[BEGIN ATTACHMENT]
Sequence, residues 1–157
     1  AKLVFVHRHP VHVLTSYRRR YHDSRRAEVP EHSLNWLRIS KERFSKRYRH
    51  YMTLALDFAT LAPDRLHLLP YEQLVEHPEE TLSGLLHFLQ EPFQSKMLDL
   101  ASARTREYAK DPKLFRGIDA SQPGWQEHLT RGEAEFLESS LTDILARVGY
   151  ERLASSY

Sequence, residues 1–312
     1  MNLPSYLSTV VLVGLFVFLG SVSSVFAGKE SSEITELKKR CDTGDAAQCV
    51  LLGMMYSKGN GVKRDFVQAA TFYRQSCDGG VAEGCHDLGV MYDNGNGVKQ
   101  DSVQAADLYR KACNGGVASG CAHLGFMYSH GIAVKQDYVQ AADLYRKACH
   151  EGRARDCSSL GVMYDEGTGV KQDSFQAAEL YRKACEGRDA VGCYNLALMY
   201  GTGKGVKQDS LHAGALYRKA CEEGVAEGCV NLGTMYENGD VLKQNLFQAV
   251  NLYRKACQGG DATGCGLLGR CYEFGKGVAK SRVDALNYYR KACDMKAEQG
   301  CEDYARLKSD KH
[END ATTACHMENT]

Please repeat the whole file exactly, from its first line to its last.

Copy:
Sequence, residues 1–157
     1  AKLVFVHRHP VHVLTSYRRR YHDSRRAEVP EHSLNWLRIS KERFSKRYRH
    51  YMTLALDFAT LAPDRLHLLP YEQLVEHPEE TLSGLLHFLQ EPFQSKMLDL
   101  ASARTREYAK DPKLFRGIDA SQPGWQEHLT RGEAEFLESS LTDILARVGY
   151  ERLASSY

Sequence, residues 1–312
     1  MNLPSYLSTV VLVGLFVFLG SVSSVFAGKE SSEITELKKR CDTGDAAQCV
    51  LLGMMYSKGN GVKRDFVQAA TFYRQSCDGG VAEGCHDLGV MYDNGNGVKQ
   101  DSVQAADLYR KACNGGVASG CAHLGFMYSH GIAVKQDYVQ AADLYRKACH
   151  EGRARDCSSL GVMYDEGTGV KQDSFQAAEL YRKACEGRDA VGCYNLALMY
   201  GTGKGVKQDS LHAGALYRKA CEEGVAEGCV NLGTMYENGD VLKQNLFQAV
   251  NLYRKACQGG DATGCGLLGR CYEFGKGVAK SRVDALNYYR KACDMKAEQG
   301  CEDYARLKSD KH